Finding Caleb Turner, arborist extraordinare

In front of the cottage there was a cluster of trees known as Black Locusts, ranging in height from 90-100 feet. They had shot up, soaring right in between the electric wires that ran from the telephone pole at the end of the driveway up the street.

Black locust cluster in front of cottage
Black locust cluster in front of cottage


The black locusts, 90-100 feet high, shooting up through the wires
The black locusts, 90-100 feet high, shooting up through the wires


One mighty gust of wind and the results could have been catastrophic…..take your pick, a crushed house, a black out, fatal injuries??? No thanks.

We called a few arborists in the area to see who could fell these trees. Not a one was eager to tackle the job, most didn’t have the kind of heavy equipment needed, and all were afraid to tackle the challenge of extracting the limbs from the wires and felling such enormous trees.

The common black locust (Robiniapsedoacacia) is a firmly entrenched member of the Commonwealth’s flora. Many people believe that is was present in the original forests of the state, however is not native to Massachusetts. There is no mention of the New England black locust in the earliest colonial records. It finally appears in the botanical writings of the late 1700s and mid 1800s, and is described as naturalized, most likely from Appalachia.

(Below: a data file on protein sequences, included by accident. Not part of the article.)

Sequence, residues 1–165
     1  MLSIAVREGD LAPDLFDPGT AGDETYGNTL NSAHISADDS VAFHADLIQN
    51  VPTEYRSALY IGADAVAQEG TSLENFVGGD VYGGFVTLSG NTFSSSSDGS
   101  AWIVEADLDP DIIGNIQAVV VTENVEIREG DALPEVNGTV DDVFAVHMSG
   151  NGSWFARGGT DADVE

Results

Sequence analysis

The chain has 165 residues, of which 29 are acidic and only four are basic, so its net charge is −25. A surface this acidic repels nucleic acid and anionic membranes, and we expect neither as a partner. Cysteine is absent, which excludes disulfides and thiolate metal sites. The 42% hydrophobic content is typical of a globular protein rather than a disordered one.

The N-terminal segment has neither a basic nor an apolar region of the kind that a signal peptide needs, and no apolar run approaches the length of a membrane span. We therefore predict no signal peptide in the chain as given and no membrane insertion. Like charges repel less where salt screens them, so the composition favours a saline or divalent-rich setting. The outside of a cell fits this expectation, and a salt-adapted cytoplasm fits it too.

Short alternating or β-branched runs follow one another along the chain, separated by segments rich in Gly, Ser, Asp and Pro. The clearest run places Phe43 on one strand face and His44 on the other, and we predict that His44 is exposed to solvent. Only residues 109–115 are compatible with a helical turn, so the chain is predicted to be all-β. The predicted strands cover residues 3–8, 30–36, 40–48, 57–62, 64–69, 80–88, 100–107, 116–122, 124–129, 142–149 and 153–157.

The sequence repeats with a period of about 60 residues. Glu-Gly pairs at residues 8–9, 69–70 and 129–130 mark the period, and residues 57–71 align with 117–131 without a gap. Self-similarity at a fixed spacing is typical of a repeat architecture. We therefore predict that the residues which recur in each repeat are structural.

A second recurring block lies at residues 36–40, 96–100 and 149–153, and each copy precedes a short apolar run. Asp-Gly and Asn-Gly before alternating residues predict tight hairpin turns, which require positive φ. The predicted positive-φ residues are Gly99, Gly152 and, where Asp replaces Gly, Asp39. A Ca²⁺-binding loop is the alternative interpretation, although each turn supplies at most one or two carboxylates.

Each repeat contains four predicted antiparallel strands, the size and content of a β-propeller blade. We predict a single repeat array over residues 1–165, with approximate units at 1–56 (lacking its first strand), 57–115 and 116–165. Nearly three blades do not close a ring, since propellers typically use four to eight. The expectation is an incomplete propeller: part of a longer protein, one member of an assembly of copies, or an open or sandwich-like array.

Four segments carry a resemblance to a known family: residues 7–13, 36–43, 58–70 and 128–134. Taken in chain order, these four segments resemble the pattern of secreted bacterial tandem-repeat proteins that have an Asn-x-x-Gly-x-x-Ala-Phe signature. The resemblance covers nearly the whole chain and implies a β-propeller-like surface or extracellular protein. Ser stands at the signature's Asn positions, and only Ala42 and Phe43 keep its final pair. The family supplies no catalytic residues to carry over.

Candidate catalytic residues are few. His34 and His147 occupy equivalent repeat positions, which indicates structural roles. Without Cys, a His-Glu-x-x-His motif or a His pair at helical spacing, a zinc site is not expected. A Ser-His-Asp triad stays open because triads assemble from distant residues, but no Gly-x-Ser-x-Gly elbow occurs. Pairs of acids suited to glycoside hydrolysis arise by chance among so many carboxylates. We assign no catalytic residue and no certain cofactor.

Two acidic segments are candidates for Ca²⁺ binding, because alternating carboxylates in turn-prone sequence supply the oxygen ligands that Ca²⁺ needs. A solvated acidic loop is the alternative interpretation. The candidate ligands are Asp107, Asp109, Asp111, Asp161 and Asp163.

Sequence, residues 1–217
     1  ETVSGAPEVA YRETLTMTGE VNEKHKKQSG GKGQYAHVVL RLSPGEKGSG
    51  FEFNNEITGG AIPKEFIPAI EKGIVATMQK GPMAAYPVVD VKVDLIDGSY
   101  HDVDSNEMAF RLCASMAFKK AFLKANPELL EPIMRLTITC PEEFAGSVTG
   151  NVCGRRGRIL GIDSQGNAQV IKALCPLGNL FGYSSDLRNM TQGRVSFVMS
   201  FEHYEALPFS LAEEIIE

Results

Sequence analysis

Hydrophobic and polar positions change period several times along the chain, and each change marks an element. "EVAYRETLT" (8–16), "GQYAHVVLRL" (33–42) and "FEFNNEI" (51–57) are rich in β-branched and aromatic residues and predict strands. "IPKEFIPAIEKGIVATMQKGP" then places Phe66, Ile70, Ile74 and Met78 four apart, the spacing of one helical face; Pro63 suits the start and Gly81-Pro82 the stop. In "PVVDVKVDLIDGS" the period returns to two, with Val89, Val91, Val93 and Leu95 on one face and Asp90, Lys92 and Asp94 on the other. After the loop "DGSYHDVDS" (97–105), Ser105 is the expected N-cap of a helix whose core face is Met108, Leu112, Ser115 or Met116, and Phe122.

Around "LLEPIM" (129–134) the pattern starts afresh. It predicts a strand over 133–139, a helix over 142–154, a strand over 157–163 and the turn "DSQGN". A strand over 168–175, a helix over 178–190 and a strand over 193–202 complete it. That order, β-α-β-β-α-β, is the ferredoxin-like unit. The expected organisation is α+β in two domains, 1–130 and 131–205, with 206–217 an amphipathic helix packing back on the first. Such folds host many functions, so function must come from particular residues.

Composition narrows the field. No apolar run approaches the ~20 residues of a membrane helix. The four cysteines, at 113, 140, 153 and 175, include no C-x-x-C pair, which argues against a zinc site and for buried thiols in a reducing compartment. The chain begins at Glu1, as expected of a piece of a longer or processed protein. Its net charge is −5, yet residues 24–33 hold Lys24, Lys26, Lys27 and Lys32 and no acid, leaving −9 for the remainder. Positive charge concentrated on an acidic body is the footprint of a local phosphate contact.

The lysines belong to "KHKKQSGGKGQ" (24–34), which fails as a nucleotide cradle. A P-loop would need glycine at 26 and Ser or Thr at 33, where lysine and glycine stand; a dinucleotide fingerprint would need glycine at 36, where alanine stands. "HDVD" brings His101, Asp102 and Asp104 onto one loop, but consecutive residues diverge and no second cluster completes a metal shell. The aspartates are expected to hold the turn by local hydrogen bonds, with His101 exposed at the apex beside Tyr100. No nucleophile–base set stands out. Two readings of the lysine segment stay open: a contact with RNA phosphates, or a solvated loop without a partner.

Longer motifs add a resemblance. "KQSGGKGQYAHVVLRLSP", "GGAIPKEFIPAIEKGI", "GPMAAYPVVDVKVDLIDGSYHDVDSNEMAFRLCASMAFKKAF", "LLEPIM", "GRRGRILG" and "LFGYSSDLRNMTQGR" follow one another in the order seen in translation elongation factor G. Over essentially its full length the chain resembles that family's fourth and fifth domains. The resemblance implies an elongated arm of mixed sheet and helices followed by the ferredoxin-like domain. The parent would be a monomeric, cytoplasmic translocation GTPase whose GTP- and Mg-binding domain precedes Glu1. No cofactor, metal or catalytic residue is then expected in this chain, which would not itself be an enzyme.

Black locusts trees are known for their rapid growth, reaching as much as 100 feet in height, even in poor soil. Black locusts are considered invasive and are hard to eliminate. This tree can send up new sprouts from roots and yes, even stumps. The wood is extremely hard, resistant to rot and very durable- perfect for boat building, flooring, and fence posts. It is also highly valued as firewood, especially for wood burning stoves because it burns slowly and has high heat content. Black locusts are a hearty and can survive drought and harsh winters.

black locust bark
black locust bark

But they couldn’t stay in front of the cottage.

We contacted National Grid who agreed to come and take the trees down. Unfortunately the miserable weather this winter interfered and they didn’t make much headway. High winds, sub zero temperatures and then the mighty snow halted their progress after a few of the limbs had been pruned over the course of an afternoon or two.

And so we waited for the weather to improve, and for National Grid to return.

They never did.

And then we called Caleb Turner, arborist extraordinaire from Housatonic, MA.




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